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Colt Walker Pistol
Division of Military History & Diplomacy, National Museum of American History

Colt Walker Pistol

Date: 1847
Catalog #: 1993.0415.01    Accession #: 1993.0415
Credit: Division of Military History & Diplomacy, National Museum of American History


Colt (Manufacturer)

Dimensions / Weight

Dimensions: x 14" W

Physical Description

Colt Walker pistol, known as the United States Model 1847.

Specific History

The Colt Walker was officially designated a pistol as it was the first revolver ever purchased by the Army Ordnance Department. This was a problem in that many men had never seen a revolver, much less used one, resulting in many burst cylinders, the accidental firing of all six chambers.

General History

The Walker pistols were manufactured during a short production run in 1847. The pistol was named after Captain Samuel Hamilton Walker, a renowned national hero who had fought in the Texas-Mexico wars. Captain Walker approached Samuel Colt, a leading firearms designer, to create a pistol suitable for the Texas Rangers and the U.S. Dragoons. The new weapon was designed by both Colt and Walker, based on the Colt Paterson revolver, but clearly improved. It proved to be a revolver of such size, weight, and heft that Colt was reputed to have said, "It would take a Texan to shoot it." Walker wrote in 1847 that the gun was "as effective as a common rifle at 100 yards and superior to a musket even at 200." Far more powerful than the earlier Patersons, this gun quickly became legendary. For those who could afford it, the Walker Colt was a symbol of strength, authority and great financial means. While the gun was a financial success for Colt, Captain Walker met a tragic end. Fighting at the front in the Mexican War, he was killed by a lance in the Battle of Juamantla in early October 1847. At the time of his death, Walker was carrying a pair of Walker pistols--gifts from Colt which had just arrived a few days before.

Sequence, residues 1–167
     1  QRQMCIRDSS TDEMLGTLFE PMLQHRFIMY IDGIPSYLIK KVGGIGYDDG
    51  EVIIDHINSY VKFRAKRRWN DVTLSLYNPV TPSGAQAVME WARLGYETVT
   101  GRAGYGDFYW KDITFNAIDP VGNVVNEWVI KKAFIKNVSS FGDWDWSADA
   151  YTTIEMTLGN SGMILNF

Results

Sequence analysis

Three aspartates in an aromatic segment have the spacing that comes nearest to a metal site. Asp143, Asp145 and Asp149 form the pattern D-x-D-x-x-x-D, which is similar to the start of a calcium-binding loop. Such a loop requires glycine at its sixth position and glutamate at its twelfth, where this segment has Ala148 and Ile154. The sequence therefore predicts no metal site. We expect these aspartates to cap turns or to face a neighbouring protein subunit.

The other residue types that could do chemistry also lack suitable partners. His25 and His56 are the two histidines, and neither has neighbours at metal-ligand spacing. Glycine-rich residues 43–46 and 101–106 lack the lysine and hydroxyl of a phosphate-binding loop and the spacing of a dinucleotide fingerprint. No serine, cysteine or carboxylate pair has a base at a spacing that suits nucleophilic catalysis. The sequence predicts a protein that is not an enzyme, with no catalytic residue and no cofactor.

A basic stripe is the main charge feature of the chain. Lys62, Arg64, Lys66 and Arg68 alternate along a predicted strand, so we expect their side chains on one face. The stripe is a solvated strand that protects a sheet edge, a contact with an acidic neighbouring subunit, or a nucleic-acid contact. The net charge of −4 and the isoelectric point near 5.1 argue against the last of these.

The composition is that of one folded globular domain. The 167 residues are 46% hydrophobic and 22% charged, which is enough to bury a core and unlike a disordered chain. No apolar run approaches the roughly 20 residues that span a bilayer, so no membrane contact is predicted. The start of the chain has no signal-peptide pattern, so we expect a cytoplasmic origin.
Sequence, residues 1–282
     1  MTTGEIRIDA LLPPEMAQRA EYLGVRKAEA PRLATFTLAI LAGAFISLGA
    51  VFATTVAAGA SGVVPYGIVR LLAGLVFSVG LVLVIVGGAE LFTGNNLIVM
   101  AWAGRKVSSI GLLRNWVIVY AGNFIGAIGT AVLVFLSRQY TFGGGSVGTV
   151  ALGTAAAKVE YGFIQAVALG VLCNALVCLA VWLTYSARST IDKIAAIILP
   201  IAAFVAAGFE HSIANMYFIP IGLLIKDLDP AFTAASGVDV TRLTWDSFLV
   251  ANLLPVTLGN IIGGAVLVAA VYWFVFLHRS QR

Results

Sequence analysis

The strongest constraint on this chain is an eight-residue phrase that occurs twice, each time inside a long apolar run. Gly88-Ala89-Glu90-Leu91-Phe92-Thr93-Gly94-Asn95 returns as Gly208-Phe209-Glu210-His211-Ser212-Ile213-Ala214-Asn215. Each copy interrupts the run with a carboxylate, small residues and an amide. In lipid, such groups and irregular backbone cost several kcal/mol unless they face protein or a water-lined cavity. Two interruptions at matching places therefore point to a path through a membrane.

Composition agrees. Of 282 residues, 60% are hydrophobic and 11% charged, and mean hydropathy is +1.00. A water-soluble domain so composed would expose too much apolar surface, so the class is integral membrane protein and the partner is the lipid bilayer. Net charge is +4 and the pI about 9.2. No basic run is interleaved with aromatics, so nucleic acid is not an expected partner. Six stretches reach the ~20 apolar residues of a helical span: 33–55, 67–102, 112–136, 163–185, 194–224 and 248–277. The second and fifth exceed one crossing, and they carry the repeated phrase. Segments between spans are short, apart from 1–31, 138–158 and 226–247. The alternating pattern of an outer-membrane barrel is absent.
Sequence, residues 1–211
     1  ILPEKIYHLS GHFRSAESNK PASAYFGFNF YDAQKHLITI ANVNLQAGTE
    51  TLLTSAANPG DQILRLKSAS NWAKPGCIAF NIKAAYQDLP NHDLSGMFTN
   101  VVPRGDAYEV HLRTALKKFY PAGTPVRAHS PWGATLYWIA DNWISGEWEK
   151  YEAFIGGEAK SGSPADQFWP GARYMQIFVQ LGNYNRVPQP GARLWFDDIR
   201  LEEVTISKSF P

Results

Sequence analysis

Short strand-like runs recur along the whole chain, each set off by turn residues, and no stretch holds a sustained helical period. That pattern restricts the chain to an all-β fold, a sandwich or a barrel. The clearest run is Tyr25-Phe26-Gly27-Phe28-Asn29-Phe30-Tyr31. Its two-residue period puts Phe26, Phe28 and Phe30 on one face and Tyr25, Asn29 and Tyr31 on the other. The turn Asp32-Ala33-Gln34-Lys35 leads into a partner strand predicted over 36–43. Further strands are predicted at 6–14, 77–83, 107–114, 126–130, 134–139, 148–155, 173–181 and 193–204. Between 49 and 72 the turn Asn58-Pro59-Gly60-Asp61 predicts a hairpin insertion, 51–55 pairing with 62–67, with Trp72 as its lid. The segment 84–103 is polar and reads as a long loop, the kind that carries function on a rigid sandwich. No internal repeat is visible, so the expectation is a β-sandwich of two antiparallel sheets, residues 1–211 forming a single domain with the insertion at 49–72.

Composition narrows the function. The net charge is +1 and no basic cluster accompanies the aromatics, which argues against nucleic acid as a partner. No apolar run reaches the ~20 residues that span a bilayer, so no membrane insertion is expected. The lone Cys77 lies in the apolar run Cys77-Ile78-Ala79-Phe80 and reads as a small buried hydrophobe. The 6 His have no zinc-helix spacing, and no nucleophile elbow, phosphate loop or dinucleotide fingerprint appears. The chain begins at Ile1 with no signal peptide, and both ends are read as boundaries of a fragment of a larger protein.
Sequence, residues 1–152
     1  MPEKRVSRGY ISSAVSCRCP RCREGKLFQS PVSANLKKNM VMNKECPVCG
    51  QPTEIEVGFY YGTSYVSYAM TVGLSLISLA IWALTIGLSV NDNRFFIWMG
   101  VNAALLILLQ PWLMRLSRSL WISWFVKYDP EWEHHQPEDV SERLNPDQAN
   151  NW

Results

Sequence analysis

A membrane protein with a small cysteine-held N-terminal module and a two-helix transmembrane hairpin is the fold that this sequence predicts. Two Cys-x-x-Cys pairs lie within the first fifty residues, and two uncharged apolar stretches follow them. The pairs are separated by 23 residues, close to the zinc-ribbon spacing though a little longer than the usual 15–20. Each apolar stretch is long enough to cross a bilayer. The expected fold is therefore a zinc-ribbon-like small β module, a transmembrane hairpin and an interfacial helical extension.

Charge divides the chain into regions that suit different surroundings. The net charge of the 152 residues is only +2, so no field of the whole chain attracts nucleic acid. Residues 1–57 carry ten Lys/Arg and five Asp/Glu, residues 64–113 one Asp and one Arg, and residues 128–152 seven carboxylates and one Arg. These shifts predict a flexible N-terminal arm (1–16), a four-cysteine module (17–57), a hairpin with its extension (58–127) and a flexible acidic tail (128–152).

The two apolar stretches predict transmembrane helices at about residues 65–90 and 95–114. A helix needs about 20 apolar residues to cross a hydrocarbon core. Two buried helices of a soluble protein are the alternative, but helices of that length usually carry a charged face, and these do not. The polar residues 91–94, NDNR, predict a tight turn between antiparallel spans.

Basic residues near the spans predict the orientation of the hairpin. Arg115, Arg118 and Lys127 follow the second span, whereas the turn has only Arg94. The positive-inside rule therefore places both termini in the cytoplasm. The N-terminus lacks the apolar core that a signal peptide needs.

Country: United States
State: Texas
War: Mexican War
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